Keep in mind that more than half of a company’s invoices are fixed costs, according to the Spanish Association of Purchasing, Contracting and Utilities Professionals (Aerce). And in addition, every euro saved flows directly into your profit and loss account as a benefit. Keep in mind that 67.2% of a company’s revenue is invested in purchases, and according to Aerce, if acquisition costs are reduced by just 1%, pre-tax profit automatically improves by 9%.

Where to start saving?

1. Long-term renegotiations

It’s not about constantly negotiating. Normally you have to make an effort first of all, so that you don’t have to do it all the time. Companies can offer you better terms if you sign a long-term contract. This means that in this period that percentage of their production has already been sold. You don’t have to make an effort. With what they are willing to adjust margins. In this way, a supplier is willing to offer better conditions in the long term. What needs to be set up are automatic price verification systems when certain conditions are met: market prices… This needs to be done beforehand.

What you cannot do is trade constantly. But watch the market price constantly. It is important that a supplier does not think that they are fixed in your company. And let him know I know how the market moves. If he thinks we’re a loyal customer, he’ll always raise our prices. If the contracts are strong and ongoing, it may be worth continuing to negotiate. Otherwise, the added value for the supplier is less than the effort. With insurance policies and telecom operators, you will find more than one surprise.

Often it is about monitoring and checking the conditions that apply to us. One expert told us that just by checking compliance with the banks in a company with multiple loans, what is saved per year from errors can cover the salary of three employees.

2. Centralize all your purchases

Volume is an added value. It’s not the same as contracting your entire network for every branch to have a provider. You can trade better – with a higher volume account. Likewise, it is costly for each department of your company to take care of the purchases that correspond to each area. Decisions are not objective. Technical areas don’t like to evaluate offers without seeing prices. On many occasions the price determines the technical evaluation. If the technical areas are technically worth it without the price tag, they’ll fret, but they better appreciate it. What you need to do is centralize the decision in a purchasing manager and weight it. Purchasing takes into account the terms of payment, conditions and costs.

3. Let your potential suppliers know you need a service

One of the most effective savings formulas is to change suppliers. But it’s not about change for the sake of change. Nor that the ideal provider finds you and your needs. Maybe you already have it, but you need to set prices or reconsider the relationship (improve price, change contract terms, delete services you no longer need, use other services from the same provider). Before a contract with a customer expires, let your competition know you need a service. What is essential here is the establishment of clear and precise technical regulations. If we go out without describing exactly what we want to buy, the supplier leads to telling you what he thinks you want. And most likely that’s not exactly what you need. And he doesn’t because you didn’t explain it well.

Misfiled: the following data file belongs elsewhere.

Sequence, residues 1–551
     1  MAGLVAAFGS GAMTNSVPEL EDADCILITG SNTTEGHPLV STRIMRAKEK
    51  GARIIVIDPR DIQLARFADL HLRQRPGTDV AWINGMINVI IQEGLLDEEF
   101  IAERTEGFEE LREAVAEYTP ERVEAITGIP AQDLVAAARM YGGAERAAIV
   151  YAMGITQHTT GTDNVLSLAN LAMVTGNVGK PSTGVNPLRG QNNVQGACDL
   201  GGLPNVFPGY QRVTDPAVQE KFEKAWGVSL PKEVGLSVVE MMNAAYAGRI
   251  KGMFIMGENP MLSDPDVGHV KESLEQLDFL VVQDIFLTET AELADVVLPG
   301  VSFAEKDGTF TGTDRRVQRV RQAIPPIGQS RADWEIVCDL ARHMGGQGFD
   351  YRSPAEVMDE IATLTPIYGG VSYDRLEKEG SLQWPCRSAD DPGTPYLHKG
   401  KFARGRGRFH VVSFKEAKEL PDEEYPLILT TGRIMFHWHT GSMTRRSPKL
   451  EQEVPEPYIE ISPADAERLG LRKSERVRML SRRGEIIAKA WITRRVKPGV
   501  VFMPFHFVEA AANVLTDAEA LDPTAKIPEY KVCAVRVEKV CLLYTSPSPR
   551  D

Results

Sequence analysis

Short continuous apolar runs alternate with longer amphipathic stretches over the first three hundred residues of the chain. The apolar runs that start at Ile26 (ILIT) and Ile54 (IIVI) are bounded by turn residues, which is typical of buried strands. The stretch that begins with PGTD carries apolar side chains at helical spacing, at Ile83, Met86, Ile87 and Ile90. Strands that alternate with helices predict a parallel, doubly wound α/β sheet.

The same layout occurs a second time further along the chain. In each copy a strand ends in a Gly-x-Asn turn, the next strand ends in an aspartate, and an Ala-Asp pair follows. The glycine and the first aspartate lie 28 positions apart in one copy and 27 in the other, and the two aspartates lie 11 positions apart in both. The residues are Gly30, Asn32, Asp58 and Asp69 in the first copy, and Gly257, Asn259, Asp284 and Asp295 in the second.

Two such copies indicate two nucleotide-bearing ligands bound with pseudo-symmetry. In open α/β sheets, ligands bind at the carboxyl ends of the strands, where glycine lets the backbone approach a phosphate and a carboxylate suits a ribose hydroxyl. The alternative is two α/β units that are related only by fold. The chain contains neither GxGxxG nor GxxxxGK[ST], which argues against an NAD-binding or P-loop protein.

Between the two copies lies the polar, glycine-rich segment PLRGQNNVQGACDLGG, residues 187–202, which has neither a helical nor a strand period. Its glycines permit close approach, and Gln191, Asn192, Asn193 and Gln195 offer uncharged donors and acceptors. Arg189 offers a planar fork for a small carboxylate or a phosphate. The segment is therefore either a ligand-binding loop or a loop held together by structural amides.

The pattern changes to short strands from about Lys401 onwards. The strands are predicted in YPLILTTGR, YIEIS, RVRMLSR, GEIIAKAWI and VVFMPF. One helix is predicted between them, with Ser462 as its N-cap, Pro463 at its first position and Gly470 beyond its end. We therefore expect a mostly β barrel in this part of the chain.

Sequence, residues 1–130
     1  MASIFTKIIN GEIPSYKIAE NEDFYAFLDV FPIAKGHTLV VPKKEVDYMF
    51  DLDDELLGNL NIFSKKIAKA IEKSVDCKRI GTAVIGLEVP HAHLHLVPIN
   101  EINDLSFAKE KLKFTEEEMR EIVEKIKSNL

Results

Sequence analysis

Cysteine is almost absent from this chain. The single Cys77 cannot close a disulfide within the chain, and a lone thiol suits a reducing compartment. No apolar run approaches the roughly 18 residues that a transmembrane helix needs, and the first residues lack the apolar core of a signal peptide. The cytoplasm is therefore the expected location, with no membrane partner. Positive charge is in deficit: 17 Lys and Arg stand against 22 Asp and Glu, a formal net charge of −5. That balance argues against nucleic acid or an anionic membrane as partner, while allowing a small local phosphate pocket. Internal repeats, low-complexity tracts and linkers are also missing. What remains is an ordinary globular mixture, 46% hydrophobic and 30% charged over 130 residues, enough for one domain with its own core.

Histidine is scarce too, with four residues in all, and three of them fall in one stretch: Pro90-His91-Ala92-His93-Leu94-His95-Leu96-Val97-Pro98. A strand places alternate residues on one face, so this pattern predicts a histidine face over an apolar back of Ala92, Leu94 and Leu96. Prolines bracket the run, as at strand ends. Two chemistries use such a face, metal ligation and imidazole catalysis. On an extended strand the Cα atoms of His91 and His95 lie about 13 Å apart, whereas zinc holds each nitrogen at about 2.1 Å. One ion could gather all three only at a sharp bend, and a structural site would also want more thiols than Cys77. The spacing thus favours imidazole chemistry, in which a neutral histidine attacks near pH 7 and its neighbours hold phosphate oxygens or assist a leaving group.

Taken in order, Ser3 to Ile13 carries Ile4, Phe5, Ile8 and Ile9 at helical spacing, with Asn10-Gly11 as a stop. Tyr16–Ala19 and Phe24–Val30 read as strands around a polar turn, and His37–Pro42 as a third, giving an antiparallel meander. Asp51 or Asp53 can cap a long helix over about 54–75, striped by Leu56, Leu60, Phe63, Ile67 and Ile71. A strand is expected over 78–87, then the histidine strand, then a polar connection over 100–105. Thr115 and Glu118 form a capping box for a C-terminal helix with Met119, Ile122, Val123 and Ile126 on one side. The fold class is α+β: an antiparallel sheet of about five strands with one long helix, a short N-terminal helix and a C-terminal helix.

how to solve it Tell your suppliers what evaluation criteria the offers have. It’s a trick used by multinationals and public companies (by law), but not SMEs. You tell the market what your priorities are. When you say that the economic bid is 70% of my decision, you’re saying you want a price. If you say it’s 30-40% – then you need quality.

4. Eliminate your “third class” vendors

Experts also recommend regrouping your suppliers. Maybe you’re handling a catalog of 50 references from one category of data, but then you analyze it and see that you don’t need 50 references, that with 20 you might be fine. It’s possible that one day, for reasons of opportunity, for price reasons, you’ll buy BRAND A, then buy BRAND B because it’s cheaper, and then buy BRAND C’s products because it’s even cheaper. This can be short-term but ruinous in the medium-term because you have more references, more invoices and you have to buy a lot… but of different things.

Initial planning must be done with a single supplier that you can negotiate and quote on a volume basis, and you will eliminate references in your cost catalog. You were probably able to choose the supplier even better, since it is always easier to optimize the price with a single supplier. In other cases, it’s as easy to check if the same maintenance provider can also be the security provider.

company management